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Nanocarbons for Advanced Energy Conversion

  • Erscheinungsdatum: 25.08.2015
  • Verlag: Wiley-VCH
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Nanocarbons for Advanced Energy Conversion

In this second volume in the first book series on nanocarbons for advanced applications the highly renowned series and volume editor has put together a top author team of internationally acclaimed experts on carbon materials. Divided into three major parts, this reference provides a current overview of the design, synthesis, and characterization of nanocarbons, such as carbon nanotubes, fullerenes, graphenes, and porous carbons for energy conversion applications. It covers such varied topics as electrocatalysts for oxygen reduction reactions in the different types of fuel cells, metal-air batteries and electrode materials for photovoltaic devices, as well as photocatalysts, electrocatalysts and photoelectrocatalysts for water splitting. Throughout, the authors highlight the unique aspects of nanocarbon materials in these fields, with a particular focus on the physico-chemical properties which lead to enhanced device performances. Xinliang Feng is a full professor at the Technische Universität Dresden since 2014 and adjunct distinguished professor at the Shanghai Jiao Tong University since 2011 as well as Director for the Institute of Advanced Organic Materials. His current scientific interests include the graphene, two-dimensional nanomaterials, organic conjugated materials, and carbon-rich molecules and materials for electronic and energy-related applications.


    Format: ePUB
    Kopierschutz: AdobeDRM
    Seitenzahl: 480
    Erscheinungsdatum: 25.08.2015
    Sprache: Englisch
    ISBN: 9783527680047
    Verlag: Wiley-VCH
    Größe: 22444 kBytes
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Nanocarbons for Advanced Energy Conversion

Chapter 1
Heteroatom-Doped Carbon Nanotubes as Advanced Electrocatalysts for Oxygen Reduction Reaction

Jintao Zhang, Sheng Zhang, Quanbin Dai, Qiuhong Zhang and Liming Dai
1.1 Introduction

With the diminishing fossil fuels and even increasing demand on energy resources as well as the growing environmental concerns, the development of clean and sustainable energy conversion and storage systems with high efficiency at low cost has attracted intense research interests [1-3]. Fuel cells and metal-air batteries are promising energy devices with unique properties, such as large theoretical specific energy (up to 3600 W h kg-1 for Li-O2 battery). However, implementing these energy technologies in our daily life requires highly effective, but low-cost, electrocatalysts to efficiently reduce O2 [4]. Specifically, both fuel cells and metal-air batteries involve oxygen reduction reaction (ORR) at the cathode [5-11]. Pt/C catalysts are generally used as electrocatalysts for the sluggish ORR. However, the scarcity and high cost of platinum pose one of the major concerns that have precluded fuel cells from commercial applications [12].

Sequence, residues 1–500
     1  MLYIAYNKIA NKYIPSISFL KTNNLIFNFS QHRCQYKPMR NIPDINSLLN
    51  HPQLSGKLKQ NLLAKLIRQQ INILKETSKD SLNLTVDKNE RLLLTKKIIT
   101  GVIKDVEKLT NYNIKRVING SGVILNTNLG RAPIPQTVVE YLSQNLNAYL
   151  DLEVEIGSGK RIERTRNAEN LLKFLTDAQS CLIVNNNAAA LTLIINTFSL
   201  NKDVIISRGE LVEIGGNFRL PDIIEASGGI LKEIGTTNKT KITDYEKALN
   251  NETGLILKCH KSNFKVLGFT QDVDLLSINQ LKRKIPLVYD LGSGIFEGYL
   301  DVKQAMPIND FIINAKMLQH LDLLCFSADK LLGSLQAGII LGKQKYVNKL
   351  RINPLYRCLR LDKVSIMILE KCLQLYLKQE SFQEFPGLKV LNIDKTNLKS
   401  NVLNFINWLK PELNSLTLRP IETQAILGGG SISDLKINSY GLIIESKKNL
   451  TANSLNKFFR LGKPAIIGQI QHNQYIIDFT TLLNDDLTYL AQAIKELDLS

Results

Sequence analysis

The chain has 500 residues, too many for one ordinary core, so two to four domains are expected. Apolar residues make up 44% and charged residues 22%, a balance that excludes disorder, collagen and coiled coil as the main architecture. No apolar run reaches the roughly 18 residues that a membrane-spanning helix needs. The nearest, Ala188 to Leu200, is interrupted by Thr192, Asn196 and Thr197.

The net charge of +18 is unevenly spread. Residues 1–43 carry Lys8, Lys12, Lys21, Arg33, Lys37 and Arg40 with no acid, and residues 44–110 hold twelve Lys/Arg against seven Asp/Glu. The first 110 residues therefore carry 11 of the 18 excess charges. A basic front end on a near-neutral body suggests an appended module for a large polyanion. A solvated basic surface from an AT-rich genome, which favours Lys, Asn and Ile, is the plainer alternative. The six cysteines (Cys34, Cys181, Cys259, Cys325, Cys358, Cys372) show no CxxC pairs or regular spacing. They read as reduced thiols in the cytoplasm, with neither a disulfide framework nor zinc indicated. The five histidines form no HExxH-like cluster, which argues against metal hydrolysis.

Carbon materials with unique structures, including zero-dimensional (0D) fullerenes, one-dimensional (1D) carbon nanotubes (CNTs), two-dimensional (2D) graphene, and three-dimensional (3D) graphite, are of particular interest because of their desirable properties, including excellent electrical conductivity, controllable porosity, and electrocatalytic activity, and high mechanical strength [13]. Owing to their wide availability, environmental acceptability, corrosion resistance, and unique surface and bulk properties, CNTs are ideal candidates as efficient ORR catalysts [2, 14-17]. In this regard, doping CNTs with nitrogen has been demonstrated to transfer the inert carbon surface to more active electrocatalytic sites for ORR [10, 11]. Recently, substantial progress has been made to understand the doping process associated with doped CNTs. As a result, a number of significant breakthroughs have been witnessed in the development of metal-free carbon-based ORR electrocatalysts [2]. This chapter begins with a brief description of the ORR principles, which is followed by a summary of recent work on the rational preparation of carbon-based ORR electrocatalysts for potential applications. Finally, various heteroatom (N, B, P, S)-doped CNTs are discussed in order to correlate their ORR activities with the syntheses and structures.
1.2 Experimental Evaluation of Electrocatalytic Activity toward ORR

In an aqueous solution, the complete oxygen reduction goes through either a two-electron transfer process with hydrogen peroxide as the intermediate, followed by further reduction to OH-/water or a more efficient four-electron transfer to produce water directly. As shown below, the two-electron and four-electron reduction processes can occur in both alkaline and acid media [18]:

To evaluate the electrocatalytic activity of catalysts, especially for ORR in aqueous electrolytes, the most commonly used techniques are rotating disk electrode (RDE) and rotating ring-disk electrode (RRDE) coupling with linear scan voltammetry ( Figure 1.1 ) [19]. The current of ORR is dependent on the kinetic current ( J k) and diffusion-limiting current ( J d). Kinetic current is determined by the reaction kinetic process. However, the slow mass transport of the reactants (e.g., O2) from the bulk of electrolyte solution to the electrode surface results in the formation of a concentration profile of the reactants in front of the electrode surface. If the applied overpotential is high enough, every atom/ion reaching the electrode reacts immediately, resulting in nearly zero concentration at the surface, leading to a diffusion-limiting current density, which is only determined by the rate of diffusion. RDE is used to sepa

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